Proper case documentation not only helps in proper case management for the case owner but also helps to have a better understanding of the case and its status when it moves up the support hierarchy levels (L1 > L2 > L3). This helps to reduce the overall TAT of a case, due to lesser time spent on things that are otherwise wasted due to the below points.
- Setting up multiple comms with the end-user to gather the relevant information which should have been done at the first go
- Repetition of same TS steps or procedures by the higher-level team due to no clear information of what has already been done and its outcome
The other important aspect of providing a seamless support experience is proper data (log) collection.
It certainly does not helps either the end-user or the next level support engineer, when a case moves up the support hierarchy, without having proper or relevant logs. It results in the same wastage of time in setting up comms with the end-user to retrieve the necessary logs, thereby increasing the case age and TAT.
For mobile devices (Android and iOS), for most cases, an Intune Administrator has to work with only the profile deployment status from the Intune portal to help troubleshoot issues, before reaching out to MS Support.
MDM log generation and analysis for Android and/or iOS device managed by Intune is rather limited. The native MDM log collection is facilitated via the Company Portal app which collects the MDM log, silently uploads the collected log to the MS log database in the background, and provides a unique identifier to identify the uploaded logs, to be provided to the MS support.
However, the MDM logs that are collected remain hidden (not really, will have a post on this later!) from the IT administrators.
But when it comes to Windows 10, it’s an entire different story.
Windows 10 does not restrict an Intune Administrator with the limitation of possible client end checks as in the case for mobile platforms, only if you know
- what to look for, and
- where to look for,
With Windows 10, there is no Company Portal log as such, but you have a similar option to get Management logs or which we term as the MDM Diagnostic logs.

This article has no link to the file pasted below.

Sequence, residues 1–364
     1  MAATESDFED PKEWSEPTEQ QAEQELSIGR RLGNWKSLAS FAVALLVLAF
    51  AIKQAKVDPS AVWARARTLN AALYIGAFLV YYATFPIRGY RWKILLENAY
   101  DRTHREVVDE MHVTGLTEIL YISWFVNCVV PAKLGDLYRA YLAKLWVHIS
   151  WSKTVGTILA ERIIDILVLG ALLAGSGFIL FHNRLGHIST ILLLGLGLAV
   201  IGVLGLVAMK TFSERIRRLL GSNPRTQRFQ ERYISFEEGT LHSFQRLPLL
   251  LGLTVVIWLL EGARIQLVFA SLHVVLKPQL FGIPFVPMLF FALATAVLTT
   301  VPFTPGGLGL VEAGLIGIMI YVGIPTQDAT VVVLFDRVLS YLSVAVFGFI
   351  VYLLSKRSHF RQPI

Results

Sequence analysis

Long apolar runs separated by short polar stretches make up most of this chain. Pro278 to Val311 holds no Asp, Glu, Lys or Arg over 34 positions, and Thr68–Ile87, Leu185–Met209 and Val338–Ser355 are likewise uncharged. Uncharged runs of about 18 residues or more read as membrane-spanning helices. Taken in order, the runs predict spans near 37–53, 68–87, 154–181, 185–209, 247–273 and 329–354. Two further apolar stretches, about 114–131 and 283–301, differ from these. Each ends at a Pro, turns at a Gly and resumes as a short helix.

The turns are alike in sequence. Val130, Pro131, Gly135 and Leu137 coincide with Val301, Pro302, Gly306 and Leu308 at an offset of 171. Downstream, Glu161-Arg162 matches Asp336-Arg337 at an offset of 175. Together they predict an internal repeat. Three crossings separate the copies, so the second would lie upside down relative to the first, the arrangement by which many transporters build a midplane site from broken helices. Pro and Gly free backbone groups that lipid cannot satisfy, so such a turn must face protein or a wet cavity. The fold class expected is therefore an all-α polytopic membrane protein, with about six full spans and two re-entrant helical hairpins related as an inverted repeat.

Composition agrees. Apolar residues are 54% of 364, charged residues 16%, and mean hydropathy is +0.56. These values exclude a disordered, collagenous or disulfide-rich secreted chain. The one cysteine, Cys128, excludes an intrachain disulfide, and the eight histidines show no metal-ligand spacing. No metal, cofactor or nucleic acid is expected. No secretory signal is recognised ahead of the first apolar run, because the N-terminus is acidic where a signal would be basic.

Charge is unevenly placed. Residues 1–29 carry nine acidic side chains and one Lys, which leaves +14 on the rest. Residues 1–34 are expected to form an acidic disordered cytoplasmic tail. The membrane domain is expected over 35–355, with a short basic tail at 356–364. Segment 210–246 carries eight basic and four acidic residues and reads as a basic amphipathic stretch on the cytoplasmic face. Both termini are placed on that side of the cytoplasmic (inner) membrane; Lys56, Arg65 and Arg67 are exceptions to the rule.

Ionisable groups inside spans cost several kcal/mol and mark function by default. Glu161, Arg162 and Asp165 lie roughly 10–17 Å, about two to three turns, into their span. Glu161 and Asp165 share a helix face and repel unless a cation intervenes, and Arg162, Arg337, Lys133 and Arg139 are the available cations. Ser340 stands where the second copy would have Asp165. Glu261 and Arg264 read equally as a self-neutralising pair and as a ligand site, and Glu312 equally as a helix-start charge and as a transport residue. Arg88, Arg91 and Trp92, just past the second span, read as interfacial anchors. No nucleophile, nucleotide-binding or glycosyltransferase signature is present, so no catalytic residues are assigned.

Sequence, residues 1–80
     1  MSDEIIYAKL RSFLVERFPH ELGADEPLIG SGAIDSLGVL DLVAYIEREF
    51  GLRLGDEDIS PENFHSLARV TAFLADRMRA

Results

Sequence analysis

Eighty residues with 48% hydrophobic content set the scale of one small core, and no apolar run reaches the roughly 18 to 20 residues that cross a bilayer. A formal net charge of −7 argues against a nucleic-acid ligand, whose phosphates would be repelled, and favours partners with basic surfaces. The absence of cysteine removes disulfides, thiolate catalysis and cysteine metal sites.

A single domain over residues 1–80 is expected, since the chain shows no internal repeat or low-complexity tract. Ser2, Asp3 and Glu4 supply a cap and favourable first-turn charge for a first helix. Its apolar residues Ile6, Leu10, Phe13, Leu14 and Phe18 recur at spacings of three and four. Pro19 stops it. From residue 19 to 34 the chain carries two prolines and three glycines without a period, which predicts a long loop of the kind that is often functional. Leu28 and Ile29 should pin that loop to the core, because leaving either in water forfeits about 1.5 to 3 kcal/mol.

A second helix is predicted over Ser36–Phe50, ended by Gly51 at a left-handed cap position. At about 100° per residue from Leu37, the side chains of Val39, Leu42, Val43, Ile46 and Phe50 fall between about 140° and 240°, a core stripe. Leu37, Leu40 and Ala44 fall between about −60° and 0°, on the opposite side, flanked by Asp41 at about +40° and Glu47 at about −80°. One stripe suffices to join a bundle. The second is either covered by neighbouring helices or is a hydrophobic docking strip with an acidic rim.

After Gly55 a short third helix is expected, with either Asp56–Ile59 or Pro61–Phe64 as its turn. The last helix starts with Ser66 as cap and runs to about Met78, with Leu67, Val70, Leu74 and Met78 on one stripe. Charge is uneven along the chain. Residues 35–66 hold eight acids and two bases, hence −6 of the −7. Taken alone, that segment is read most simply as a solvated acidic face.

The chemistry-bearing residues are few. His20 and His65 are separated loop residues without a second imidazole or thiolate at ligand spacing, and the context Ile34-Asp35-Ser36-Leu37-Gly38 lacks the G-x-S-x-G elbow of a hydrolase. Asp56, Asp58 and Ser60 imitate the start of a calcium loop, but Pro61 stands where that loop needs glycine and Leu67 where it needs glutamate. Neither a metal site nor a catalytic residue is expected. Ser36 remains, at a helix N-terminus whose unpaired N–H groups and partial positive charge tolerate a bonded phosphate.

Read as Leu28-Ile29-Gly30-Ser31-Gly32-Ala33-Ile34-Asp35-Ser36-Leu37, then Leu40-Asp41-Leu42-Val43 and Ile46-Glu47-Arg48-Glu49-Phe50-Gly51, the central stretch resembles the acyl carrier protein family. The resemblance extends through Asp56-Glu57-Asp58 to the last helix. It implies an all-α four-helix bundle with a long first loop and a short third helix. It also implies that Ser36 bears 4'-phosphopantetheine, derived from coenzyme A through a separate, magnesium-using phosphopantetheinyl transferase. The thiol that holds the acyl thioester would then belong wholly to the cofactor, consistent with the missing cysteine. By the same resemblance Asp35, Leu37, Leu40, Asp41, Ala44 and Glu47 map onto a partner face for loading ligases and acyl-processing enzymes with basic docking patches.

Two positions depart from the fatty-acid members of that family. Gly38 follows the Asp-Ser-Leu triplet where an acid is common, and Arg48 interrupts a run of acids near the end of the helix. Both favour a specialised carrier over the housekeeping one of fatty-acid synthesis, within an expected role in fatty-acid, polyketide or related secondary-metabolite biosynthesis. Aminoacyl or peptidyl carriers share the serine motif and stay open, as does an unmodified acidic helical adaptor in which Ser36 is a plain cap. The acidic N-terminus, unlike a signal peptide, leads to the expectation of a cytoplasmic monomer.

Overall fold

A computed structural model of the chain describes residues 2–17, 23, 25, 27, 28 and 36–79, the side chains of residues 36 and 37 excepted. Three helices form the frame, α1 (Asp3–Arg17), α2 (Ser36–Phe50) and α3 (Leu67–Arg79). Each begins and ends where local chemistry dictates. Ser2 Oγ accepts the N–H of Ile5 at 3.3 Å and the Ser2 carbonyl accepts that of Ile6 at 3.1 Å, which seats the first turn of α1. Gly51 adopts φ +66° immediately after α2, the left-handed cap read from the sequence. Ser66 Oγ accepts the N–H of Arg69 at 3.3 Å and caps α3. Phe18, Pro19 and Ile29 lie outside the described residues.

However, what is of more relevance is that you have the entire Windows Registry and Events at your disposal for tracking and tracing issues related to Intune management.
I have split the content into a two-post series, wherein
- Part 1 – Today we will be discussing the Windows 10 client end verification to check for policy deployments from Intune and the different log collection options that Windows has available for us.
- Part 2 (coming soon, stay tuned!) – We will be having a walkthrough of the Windows registry to check information related to Intune management and policy deployments, the important Event paths, and the specific individual log file locations.
So let’s get started.
Windows 10 MDM Log Checklist
This is all about Windows 10 client end check to validate policy deployment from Intune and the different log collection options that are available in Windows 10.
Check the policies as received
The first place to check the policies as received on a Windows 10 endpoint is from the Work Account Info.
Settings > Account > Access work or school > Work Account > Info
You get to see an overview of all the policies (Configuration profiles and MSI applications) delivered to the device by Intune here.
Note #1 The overview gives you the information about the feature that the policy controls and not the name of the policy as you configured in the portal.
Note #2 This does not includes win32 and PS script deployments from Intune.
If the policy status in Intune shows as Pending and you do not see the same under managed policies here, check the device SYNC status.
If there be any network related issues (mostly common if the device is in Intranet or in restricted networks), verify with the network team, if the device is able to communicate to the required endpoints. Check the Intune network requirements as listed here.
However, if you can see that the device has received the policy for the particular feature, you can move to the next part which is…
Generate simple MDM Diagnostic report